I’m fit to work, ex-Woolies man­ager tells CCMA

Sunday Times - - Front Page - By TA­NIA BROUGHTON

● When San­dra Teo­dosio of Dur­ban was di­ag­nosed with mul­ti­ple scle­ro­sis in 2013, it was the low­est point of her life.

But it was about to get worse for the Wool­worths food depart­ment man­ager.

In June last year she was sus­pended from a job she was “pas­sion­ate about”.

Charged with in­ca­pac­ity, she was fired af­ter a dis­ci­plinary in­quiry in July.

Now the 43-year-old is chal­leng­ing Wool­worths at the Com­mis­sion for Con­cil­i­a­tion, Me­di­a­tion and Ar­bi­tra­tion.

She wants her job back and an or­der that the com­pany dis­crim­i­nated against her. She claims the com­pany has poli­cies for em­ploy­ees suf­fer­ing from ill­nesses but will not ac­com­mo­date her con­di­tion.

Wool­worths has dis­puted her claims, say­ing Teo­dosio was now un­able to work flex­i­ble shifts as re­quired from man­agers.

A Wool­worths spokesman said the com­pany had “done ev­ery­thing rea­son­ably pos­si­ble to ac­com­mo­date Teo­dosio as per Wool­worths prac­tices in th­ese mat­ters and leg­isla­tive re­quire­ments”.

“We have a proud his­tory of af­firm­ing per­sons liv­ing with dis­abil­i­ties and break­ing stereo­types,” the spokesman said.

In a let­ter to Teo­dosio in Fe­bru­ary 2016, the re­tailer said that there were no suit­able al­ter­na­tive po­si­tions it could of­fer her and that the “in­ca­pac­ity/ill health route” would be the best way for­ward.

But Teo­dosio said that apart from a faint­ing spell at work last year, as well as the usual sick leave taken by most em­ploy­ees, the dis­ease did not af­fect her work.

“I can work and I want to work,” she said. “I just need set shift times so that I can be home by 7pm lat­est. I need to take strong med­i­ca­tion for in­som­nia and I need as much sleep as pos­si­ble,” she told the Sun­day Times.

Teo­dosio, who joined Wool­worths in 2006, said that her neu­rol­o­gist had de­clared her fit to work.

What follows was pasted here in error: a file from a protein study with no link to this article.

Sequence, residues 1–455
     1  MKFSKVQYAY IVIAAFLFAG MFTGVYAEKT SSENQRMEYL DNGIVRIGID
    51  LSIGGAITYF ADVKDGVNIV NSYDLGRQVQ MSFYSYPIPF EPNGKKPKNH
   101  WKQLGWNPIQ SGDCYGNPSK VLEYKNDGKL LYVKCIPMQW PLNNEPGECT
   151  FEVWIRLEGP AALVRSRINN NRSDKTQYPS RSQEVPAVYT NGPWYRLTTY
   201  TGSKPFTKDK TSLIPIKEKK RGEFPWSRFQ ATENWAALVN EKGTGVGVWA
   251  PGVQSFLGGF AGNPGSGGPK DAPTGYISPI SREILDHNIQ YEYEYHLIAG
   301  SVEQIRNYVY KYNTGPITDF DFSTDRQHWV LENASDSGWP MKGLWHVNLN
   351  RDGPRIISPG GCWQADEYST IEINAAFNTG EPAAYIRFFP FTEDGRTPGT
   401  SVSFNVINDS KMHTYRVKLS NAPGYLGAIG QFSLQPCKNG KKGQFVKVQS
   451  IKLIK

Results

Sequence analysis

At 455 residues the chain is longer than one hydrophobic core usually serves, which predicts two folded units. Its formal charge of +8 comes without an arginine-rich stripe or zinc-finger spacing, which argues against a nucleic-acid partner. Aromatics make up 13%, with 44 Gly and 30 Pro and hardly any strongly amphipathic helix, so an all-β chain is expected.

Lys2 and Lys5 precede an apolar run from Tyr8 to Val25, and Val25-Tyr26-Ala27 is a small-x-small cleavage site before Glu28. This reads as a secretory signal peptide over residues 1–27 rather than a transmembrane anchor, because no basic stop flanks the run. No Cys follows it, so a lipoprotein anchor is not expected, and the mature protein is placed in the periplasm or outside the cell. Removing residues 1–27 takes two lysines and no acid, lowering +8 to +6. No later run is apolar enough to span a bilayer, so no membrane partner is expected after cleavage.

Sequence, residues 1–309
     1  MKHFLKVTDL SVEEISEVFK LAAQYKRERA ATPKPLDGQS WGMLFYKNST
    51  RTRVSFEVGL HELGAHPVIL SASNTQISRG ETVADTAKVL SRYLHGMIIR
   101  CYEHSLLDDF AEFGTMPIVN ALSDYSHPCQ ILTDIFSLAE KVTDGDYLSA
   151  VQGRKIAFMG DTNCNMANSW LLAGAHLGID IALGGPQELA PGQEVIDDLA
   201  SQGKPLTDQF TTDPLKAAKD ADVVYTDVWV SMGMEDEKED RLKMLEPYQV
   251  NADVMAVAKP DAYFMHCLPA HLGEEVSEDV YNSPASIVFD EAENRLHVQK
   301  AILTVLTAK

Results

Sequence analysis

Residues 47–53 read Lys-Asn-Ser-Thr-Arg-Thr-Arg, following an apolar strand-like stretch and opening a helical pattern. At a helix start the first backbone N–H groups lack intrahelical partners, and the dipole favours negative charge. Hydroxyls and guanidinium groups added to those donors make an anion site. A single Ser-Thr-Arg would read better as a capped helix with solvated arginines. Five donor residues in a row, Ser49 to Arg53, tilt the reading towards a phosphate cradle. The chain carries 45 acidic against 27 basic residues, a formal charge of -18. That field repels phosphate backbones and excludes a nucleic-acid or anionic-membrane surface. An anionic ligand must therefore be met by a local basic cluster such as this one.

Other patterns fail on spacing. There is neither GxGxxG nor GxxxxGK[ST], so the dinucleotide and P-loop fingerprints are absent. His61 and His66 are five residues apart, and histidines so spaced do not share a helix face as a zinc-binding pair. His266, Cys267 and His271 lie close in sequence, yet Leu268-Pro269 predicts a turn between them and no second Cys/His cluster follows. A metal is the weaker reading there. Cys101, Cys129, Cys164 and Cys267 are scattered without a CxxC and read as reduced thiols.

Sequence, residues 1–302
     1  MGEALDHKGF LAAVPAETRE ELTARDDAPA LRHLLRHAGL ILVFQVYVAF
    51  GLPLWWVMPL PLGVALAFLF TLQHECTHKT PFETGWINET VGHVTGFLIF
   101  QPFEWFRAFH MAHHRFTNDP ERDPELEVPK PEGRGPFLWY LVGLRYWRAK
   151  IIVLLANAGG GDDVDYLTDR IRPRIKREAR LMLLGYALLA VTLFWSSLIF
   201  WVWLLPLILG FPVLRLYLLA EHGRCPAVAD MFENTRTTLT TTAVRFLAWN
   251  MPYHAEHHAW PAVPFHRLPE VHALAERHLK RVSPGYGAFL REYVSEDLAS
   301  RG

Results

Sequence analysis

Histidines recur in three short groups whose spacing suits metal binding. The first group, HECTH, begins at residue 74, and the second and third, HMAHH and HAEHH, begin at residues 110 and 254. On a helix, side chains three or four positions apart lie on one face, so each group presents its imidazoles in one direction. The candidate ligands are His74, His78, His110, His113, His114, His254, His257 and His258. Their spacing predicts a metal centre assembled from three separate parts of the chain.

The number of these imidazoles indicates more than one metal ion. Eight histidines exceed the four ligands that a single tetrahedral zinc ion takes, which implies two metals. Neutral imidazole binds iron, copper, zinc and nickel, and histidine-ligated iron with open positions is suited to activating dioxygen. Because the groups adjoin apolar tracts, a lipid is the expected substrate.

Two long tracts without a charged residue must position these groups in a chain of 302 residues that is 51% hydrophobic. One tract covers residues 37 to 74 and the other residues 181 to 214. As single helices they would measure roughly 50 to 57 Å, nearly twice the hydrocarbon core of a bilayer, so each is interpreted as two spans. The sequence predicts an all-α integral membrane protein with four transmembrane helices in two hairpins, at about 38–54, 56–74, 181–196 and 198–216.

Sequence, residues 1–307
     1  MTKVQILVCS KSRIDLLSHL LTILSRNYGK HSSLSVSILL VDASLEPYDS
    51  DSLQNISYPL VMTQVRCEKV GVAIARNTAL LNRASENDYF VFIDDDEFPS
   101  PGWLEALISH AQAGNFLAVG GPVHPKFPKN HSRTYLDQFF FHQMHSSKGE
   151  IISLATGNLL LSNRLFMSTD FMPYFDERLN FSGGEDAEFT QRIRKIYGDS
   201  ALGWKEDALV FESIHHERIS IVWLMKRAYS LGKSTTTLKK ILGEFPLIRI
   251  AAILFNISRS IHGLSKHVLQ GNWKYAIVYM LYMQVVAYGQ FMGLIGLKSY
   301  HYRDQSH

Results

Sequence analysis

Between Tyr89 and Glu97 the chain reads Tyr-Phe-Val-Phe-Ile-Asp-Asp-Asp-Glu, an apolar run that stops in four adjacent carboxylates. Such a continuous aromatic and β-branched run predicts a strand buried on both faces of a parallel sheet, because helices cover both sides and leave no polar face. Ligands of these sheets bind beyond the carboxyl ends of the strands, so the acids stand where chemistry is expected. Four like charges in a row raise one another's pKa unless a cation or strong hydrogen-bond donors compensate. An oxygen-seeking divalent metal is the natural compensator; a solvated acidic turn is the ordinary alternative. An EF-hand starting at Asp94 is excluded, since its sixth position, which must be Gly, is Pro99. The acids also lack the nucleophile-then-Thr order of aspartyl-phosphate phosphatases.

She had been work­ing as the food depart­ment man­ager at the branch in Bul­wer Road, Dur­ban, when she was di­ag­nosed with mul­ti­ple scle­ro­sis, a con­di­tion de­scribed as an “un­pre­dictable, of­ten dis­abling dis­ease” of the cen­tral ner­vous sys­tem.

Symp­toms vary from pa­tient to pa­tient. “Look at me,” Teo­dosio said. “I don’t look like a sick per­son. I don’t have a bro­ken leg or arm. My dis­ease is within me.”

She said that in 2015 the com­pany “re­luc­tantly agreed” to re­move her from call-out du­ties but it had dug in its heels re­gard­ing shift work.

She of­fered to do the early shifts that ended be­fore 6pm, but the com­pany in­sisted she must work the later ones be­cause all man­agers were re­quired to do so.

Teo­dosio said the com­pany trans­ferred her from the Bul­wer Road store to a larger one at West­wood Mall.

This meant she needed to cover a larger area and, if the lifts in the build­ing were not work­ing, walk up sev­eral flights of stairs to get to work.

All of this took its toll.

“All I want is to work a shift pat­tern that as­sists me to lead a healthy life­style with MS. The com­pany ac­com­mo­dates peo­ple with epilepsy, di­a­betes, TB and HIV/Aids. But I have re­ceived very lit­tle sup­port.”

While she was work­ing on the shop floor, Teo­dosio was handed a let­ter of sus­pen­sion.

She de­manded a rea­son and was told it was per­for­mance re­lated. At the hear­ing, she was told it was “in­ca­pac­ity”.

“There seems to be a sug­ges­tion that I should have been med­i­cally boarded. But I strongly be­lieve I am not el­i­gi­ble for this as my neu­rol­o­gist con­firms in one of his re­ports that I do not qual­ify for tem­po­rary dis­abil­ity from a neu­ro­log­i­cal per­spec­tive. Plus I want to con­trib­ute to the com­pany.

“As things stand I can­not ap­ply for an­other job be­cause my record states that I was dis­missed.”

Her at­tor­ney, Chris Har­alam­bous, said Teo­dosio’s case was unique — and im­por­tant for mul­ti­ple scle­ro­sis suf­fer­ers in the work­place.

“In late 2014, the Em­ploy­ment Eq­uity Act was amended to ex­pressly recog­nise ‘un­listed’ grounds of un­fair dis­crim­i­na­tion, other than the usual ‘listed’ ones, such as gen­der, sex­ual ori­en­ta­tion and race, et cetera.

“Apart from chal­leng­ing her dis­missal, my client al­leges that she was un­fairly dis­crim­i­nated against be­cause of her con­di­tion and it is im­por­tant for the CCMA and, if nec­es­sary, the Labour Court, to ul­ti­mately pro­nounce on this.”

The hear­ing has been set down for later this month. Wool­worths is op­pos­ing both ap­pli­ca­tions.

The di­rec­tor of Mul­ti­ple Scle­ro­sis South Africa in the West­ern Cape, Non Smit, said be­tween 5 000 and 10 000 peo­ple in South Africa had the con­di­tion.

“But there could be many more who are un­di­ag­nosed be­cause of fi­nan­cial and eco­nomic rea­sons,” Smit said.

“Work­place is­sues are huge chal­lenges be­cause of the in­vis­i­bil­ity of the dis­abil­ity and symp­toms vary from per­son to per­son.

“We, as an as­so­ci­a­tion, be­lieve it is within fair bound­aries to ask for cer­tain ac­com­mo­da­tions, and suf­fer­ers should not be in the fir­ing line . . . the time might be right to test th­ese is­sues in a court of law,” Smit said.

Pic­ture: Jackie Clausen

San­dra Teo­dosio says she was un­fairly dis­missed by Wool­worths be­cause of her mul­ti­ple scle­ro­sis, a con­di­tion af­fect­ing the ner­vous sys­tem.

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